views were my due. The fact that every few minutes I had to stop to photograph wildflowers or a mountain pond or a miniature graveyard didn't bother me at all. These were simply things you put up with when you go shunpiking. At lunchtime I realized it had taken two and a half hours to drive 60 miles.

             "The main thoroughfare of Historic Deerfield is called, simply, The Street," T.J. wrote. "Few streets in America, whatever their names, have the graceful, elegant character this one does."
             "There are 13 museum buildings belonging to the historic district," said Karl Sabo, the manager of the Deerfield Inn. "and many private houses and working farms with strict zoning to maintain the character of the village." Part of which is being a member of a community where everyone knows everything about everybody.

             "When my wife was pregnant with our first child we wanted to find out which sex the baby was," Karl said. "Jean went to get the mail and the postmaster said, 'Do you want me to tell you what you're having or do you want to wait for the official results?'"

             On the fifth and last day I had to shift centuries. It took an hour to return my car on - should I say it? - the superhighway. T.J. had fashioned a tempting alternate route through Amherst and Northhampton, but I had to be home, so I gritted my teeth and joined the anonymous mob.

             Did I hate it? Yes, I did. But worst of all was approaching a  phalanx of metal boxes straddling the highway, the first toll booths I'd seen in a good many days. Though I knew it was too late, I still kept looking for the last exit off.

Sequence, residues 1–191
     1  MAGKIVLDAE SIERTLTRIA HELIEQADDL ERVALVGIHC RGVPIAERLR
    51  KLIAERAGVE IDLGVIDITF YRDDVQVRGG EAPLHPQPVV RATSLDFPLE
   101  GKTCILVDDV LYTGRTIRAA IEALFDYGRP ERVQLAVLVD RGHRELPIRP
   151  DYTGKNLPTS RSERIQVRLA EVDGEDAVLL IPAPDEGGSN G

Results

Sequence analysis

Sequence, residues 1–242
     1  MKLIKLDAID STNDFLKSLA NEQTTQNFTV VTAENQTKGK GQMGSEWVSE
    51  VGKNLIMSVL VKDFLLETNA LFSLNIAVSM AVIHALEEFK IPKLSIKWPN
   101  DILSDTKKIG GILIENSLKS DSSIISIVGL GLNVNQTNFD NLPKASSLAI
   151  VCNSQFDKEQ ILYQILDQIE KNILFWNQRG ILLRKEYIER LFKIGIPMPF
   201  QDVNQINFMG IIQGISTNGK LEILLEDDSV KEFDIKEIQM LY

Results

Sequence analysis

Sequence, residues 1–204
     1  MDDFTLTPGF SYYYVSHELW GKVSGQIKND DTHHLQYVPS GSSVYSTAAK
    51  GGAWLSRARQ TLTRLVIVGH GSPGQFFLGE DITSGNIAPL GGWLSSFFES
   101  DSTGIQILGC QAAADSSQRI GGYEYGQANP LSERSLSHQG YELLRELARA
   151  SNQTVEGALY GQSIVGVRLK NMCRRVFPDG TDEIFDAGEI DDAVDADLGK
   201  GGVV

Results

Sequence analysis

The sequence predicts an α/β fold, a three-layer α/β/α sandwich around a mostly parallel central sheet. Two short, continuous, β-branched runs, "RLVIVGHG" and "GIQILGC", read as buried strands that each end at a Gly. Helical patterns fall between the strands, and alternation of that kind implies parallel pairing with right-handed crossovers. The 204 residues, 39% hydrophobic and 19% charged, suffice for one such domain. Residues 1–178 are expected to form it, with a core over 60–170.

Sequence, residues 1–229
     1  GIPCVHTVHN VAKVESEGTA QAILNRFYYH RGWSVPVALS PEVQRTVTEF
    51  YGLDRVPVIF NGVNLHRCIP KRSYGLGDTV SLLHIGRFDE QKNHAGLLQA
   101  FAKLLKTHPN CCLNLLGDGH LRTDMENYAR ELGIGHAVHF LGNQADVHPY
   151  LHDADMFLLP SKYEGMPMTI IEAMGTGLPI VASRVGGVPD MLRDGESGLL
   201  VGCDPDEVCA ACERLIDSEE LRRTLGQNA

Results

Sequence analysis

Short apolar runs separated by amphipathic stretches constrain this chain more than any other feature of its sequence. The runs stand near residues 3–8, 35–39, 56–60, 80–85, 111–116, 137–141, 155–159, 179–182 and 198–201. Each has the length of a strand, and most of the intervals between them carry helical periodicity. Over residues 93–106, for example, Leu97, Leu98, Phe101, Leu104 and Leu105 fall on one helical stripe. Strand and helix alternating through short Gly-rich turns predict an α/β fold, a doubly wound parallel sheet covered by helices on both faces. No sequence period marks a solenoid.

A true father's son to the end.



             T.J. Harvey offers Shunpiking tours throughout the six New England states. Modules may be combined to create tours of any length. Three types of accomodations are available: "clean and comfortable B & B's, nicer B & B's and country inns, and nice country inns with both breakfasts and dinners." For further information, contact T.J. Harvey, Sunpiking Ltd., 250 Main Street South, Southbury, CT 06488. Tel. 800 695-0115.

             When not taking meals at the inns mentioned in the article, the inkkeepers recommended the following restaurants: Near Williamsville Inn. John Andrew. 528-3469. Fine eclectic Ameican. The Old Mill. 528-1421. Similar cuisine, more casual.

             Near West Mountain Inn. Chanticleer. Continental. 362-1616. Main Street Cafe. Italian. Chef offers specialized items not on the menu.

             Near Deerfield Inn. Sienna. Fine Continental dining. 665-0215. Chandler's Tavern. Basic American fare. 665-1277.

             Near Lenox, Massachusetts, Jacob's Pillow presents some of the best dance companies in the world. Get tickets - 413 243-0745 - if at all possible. Music lovers shouldn't miss a morning rehearsal or evening concert at Tanglewood - 413 637-1666.